The government is moving full steam ahead with its infrastructure development programme, Build, Build, Build, entailing $158bn of infrastructure investment over 2018-22. However, the authorities have gradually shifted away from using public-private partnerships, with a growing emphasis on overseas development assistance and public spending to expedite big-ticket projects (see overview). As such, public stakeholders anticipate a surge of new borrowing in 2018, especially from global debt markets through the issuance of foreign currency-denominated sovereign bonds. This should support speedier delivery of priority projects, underpinned by the successful issuances of a several dollar-denominated bonds and a landmark Panda ( Chinese renminbi) bond issuance in early 2018.
In 2016 the country became a net borrower for the first time in 12 years, with the central bank, Bangko Sentral ng Pilipinas (BSP), reporting that government and household savings-investment deficits outweighed a surplus in the corporate sector. Net borrowing reached P53.4bn ($1.1bn), against P333bn ($6.6) in 2015. Meanwhile, general public sector borrowing rose significantly, jumping 61% to P262bn ($5.2bn), while net borrowing grew by 29.4% to P503bn ($9.9bn), which the BSP attributed to strong spending on infrastructure and capital outlays.
Loans to the government rose by 11.2% in 2016 to P75.5bn ($1.5bn), a result of the country’s subscription to IMF stocks as well as new financing and loans from the Asian Development Bank, the Japan International Cooperation Agency, and the International Bank for Reconstruction and Development. Total debt securities simultaneously fell by 57.3% to P21bn ($415m) in 2016, from P49.2bn ($972m) in 2015, which the BSP attributed to subdued demand for government securities, and redemption of outstanding US dollar and eurobonds.
Total government debt has risen rapidly, with debt levels increasing by 9.2% in 2017 to an all-time high of P6.65trn ($131bn). Domestic debt, which comprises two-thirds of the total, rose by 12.9% to P4.44trn ($87.7bn), while the amount of government securities issued also grew by 12.9% to P4.44trn ($87.7bn).
Having undertaken three retail Treasury bond issuances between April 2016 and January 2018, in December 2016 the government made its largest issuance to date, raising P255bn ($5bn). External debt rose by 2.6% in 2017, hitting P2.21trn ($43.7bn), partly due to the weakening peso – the country reached P25.2bn ($498m) of net foreign debt issuance in 2017, losing P8.2bn ($162m) to currency depreciation.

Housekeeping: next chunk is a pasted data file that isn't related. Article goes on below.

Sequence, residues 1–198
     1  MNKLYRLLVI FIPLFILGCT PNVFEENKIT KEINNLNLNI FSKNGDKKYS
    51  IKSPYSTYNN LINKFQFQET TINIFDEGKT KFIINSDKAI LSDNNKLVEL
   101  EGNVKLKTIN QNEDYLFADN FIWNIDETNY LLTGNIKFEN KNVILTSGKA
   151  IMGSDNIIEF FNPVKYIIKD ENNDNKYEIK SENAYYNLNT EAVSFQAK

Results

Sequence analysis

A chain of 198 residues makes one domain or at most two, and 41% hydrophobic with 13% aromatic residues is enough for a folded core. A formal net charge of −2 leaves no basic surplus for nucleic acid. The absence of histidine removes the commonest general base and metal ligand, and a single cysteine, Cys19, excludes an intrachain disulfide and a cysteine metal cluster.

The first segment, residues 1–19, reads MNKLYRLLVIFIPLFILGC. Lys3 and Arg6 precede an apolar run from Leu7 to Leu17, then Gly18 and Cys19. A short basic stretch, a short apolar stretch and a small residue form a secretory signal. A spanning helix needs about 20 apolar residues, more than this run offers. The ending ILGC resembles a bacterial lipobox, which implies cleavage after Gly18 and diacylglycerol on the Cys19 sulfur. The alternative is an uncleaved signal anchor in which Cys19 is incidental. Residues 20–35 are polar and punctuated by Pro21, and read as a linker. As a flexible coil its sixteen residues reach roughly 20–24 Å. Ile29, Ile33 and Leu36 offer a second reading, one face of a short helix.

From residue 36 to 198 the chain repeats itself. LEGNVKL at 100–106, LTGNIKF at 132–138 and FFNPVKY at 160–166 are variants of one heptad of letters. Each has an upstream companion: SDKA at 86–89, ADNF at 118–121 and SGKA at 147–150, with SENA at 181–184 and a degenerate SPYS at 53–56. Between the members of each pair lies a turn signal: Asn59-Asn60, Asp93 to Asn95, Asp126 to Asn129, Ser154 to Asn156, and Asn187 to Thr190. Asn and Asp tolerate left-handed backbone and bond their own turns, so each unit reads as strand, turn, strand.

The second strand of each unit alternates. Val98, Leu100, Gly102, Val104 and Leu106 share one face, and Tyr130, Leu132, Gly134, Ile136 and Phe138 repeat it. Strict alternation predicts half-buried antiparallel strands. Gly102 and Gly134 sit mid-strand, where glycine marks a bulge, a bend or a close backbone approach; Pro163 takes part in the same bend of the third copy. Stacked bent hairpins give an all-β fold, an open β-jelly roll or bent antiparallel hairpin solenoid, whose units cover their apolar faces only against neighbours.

In April 2018 the Development Budget Coordination Committee also announced plans to increase the share of external borrowing to 35% that year, against the previous 20%. The committee reportedly aims to return to the 80:20 domestic-to-foreign borrowing ratio from 2019 to 2022, with Carlos G Dominguez III, the secretary of finance, reporting that global bond sales – including issuances in China and Japan – will cause the country’s share of foreign borrowing to surge in 2018.
Despite lower-than-anticipated demand for global bonds in 2016, robust macroeconomic growth has left the country well positioned to tap global bond markets, evidenced in the successful issuance of several bonds. For example, a landmark Panda bond issuance in March 2018 raised nearly P12bn ($237m) – making it the country’s largest to date – and was 6.3 times oversubscribed. Bids reached RMB9.22bn ($1.4bn) against the government offering of RMB1.46bn ($219m). This followed international fundraising efforts in early 2017, which brought in $2bn from 25-year, US dollar global bonds. February 2018 saw a further $2bn issuance of 10-year dollar bonds.
That same month the Department of Finance began marketing a new series of 10-year, dollar-denominated bonds, announcing plans to raise up to $2bn, including $1bn of new money and a $1bn bond swap. At this announcement Dominguez added that the government plans to issue a Japanese Samurai bond in late 2018.